If it is valid to assume $CPCE is an inverse sentiment indicator, and you've looked under the hood to make sure no weirdness is going on right now in puts and calls that would throw it off, like say the extreme weirdness and contango in $VIX that I just wrote about yesterday, then the problem still remains that sentiment has a lot of choices for direction right now. And they show up right in the $CPCE chart as the backtest failures that I pointed out in my comment.

Maybe $CPCE will go a lot lower if the S&P breaks the April high and goes into blue sky, like it's about to do any day now if the uptrend continues. Why shouldn't it? Sentiment could become very complacent then. But you don't know where the top in the market will be.

Maybe after the S&P goes into blue sky, the $CPCE will start trending back UP again like it did in Winter 2011 when people felt the market didn't deserve to be in blue sky. That's probably more dangerous, since when an upmove's validity gets doubted more and more, that's a hit right at the supply/demand characteristics that could maybe set the market up for a gigantic fall later - like what we subsequently saw in Summer 2011. Could that situation happen again too?

Or maybe once we hit blue sky the $CPCE will instead stay flat, like Winter 2012 when it seems everyone felt the market had a right to go higher. Or it could dive crazy low like Winter 2010 when everyone thought the worst was behind us and everything was going to be fine forever.

See? Different psychological expectations of market participants will cause different behaviour in the $CPCE.

Point of all that is, drawing a line at 0.6 is a way to ignore all the above.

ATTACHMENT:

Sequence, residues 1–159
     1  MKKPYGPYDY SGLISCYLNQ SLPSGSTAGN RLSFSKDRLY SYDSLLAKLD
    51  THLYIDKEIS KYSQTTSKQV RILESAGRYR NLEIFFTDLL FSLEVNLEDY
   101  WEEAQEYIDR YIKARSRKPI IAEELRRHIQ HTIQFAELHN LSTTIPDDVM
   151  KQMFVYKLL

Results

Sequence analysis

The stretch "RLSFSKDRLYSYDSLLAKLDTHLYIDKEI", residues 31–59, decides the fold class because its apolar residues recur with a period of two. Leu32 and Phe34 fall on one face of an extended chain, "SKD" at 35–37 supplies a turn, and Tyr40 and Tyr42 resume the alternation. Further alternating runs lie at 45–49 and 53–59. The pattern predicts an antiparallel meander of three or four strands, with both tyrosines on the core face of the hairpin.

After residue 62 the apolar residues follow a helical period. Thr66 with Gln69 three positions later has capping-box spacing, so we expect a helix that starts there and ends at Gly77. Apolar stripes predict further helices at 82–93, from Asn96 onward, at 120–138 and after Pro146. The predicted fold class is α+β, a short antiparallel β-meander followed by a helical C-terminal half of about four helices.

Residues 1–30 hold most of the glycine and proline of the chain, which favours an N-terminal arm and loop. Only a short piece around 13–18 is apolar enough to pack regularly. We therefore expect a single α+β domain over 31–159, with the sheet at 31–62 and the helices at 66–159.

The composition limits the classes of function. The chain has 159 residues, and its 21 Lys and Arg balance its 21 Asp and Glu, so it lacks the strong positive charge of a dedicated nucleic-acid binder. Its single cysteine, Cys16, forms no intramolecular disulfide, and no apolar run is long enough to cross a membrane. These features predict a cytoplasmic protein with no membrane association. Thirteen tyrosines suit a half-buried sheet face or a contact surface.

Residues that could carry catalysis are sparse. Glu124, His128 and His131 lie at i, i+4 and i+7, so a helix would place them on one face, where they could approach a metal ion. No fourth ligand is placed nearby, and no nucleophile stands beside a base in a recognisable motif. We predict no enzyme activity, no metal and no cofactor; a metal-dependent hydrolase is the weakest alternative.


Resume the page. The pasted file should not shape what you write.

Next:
Now, I'm not saying the market's going up forever, cos I'm not a dolt. It'll go down. A lot of chatter already exists on the internet about the newsflow we'll be getting in September - no QE, Troika, Spain debt rollover, Spain bailout?, Dutch election, blah blah blah.

And because the chatter is already out there, I can see the possibility that the coke-addled manic-depressive fucktards who trade the market, and the Paranoid Android HFTs that they've programmed with their own neuroses, could spend all September puking their fucking guts out all over the market, like Kate Moss after eating a spider.

But a $CPCE chart with a line drawn at 0.6 doesn't help me predict what's going to happen.



* - Why should I prove to you that I'm not a robot, anyway? How's about if you prove to me that you're not a robot! Hm? And even if I was a robot, would that make my opinion any less valid? You have something against robots? What are you going to demand next - I also have to prove I'm not a socialist, or a Muslim?

Friday, August 17, 2012

$VIX is too low? No it's not. It's not low at all. You're seeing things.


Before paying attention to anyone's blather about the $VIX, please read this article from ETF Trends:

Double Whammy for Volatility ETFs: Falling VIX and Contango

Investors looking for insurance against market pullbacks have pumped a lot of money into volatility ETFs in recent months.

The products have grown so large that they may be impacting spot VIX and futures prices.

One reason the August VIX futures are depressed compared to later months is because VXX is still rolling into the September contract form the August contract, said Jordan Beck of BTIG, in the CNBC report.

“That puts extra pressure on the August futures,” he said. The August contract expires Wednesday.

The spot VIX was trading at 14.17 on Friday, according to CBOE.com. The September VIX futures were trading hands at 18.75, or a premium of about 32%.

Also,

it’s impossible to trade the spot VIX that investors see quoted. Traders paying far in excess of spot VIX levels for VIX futures that expire in coming months is further evidence that the stock market rally has few believers, he added.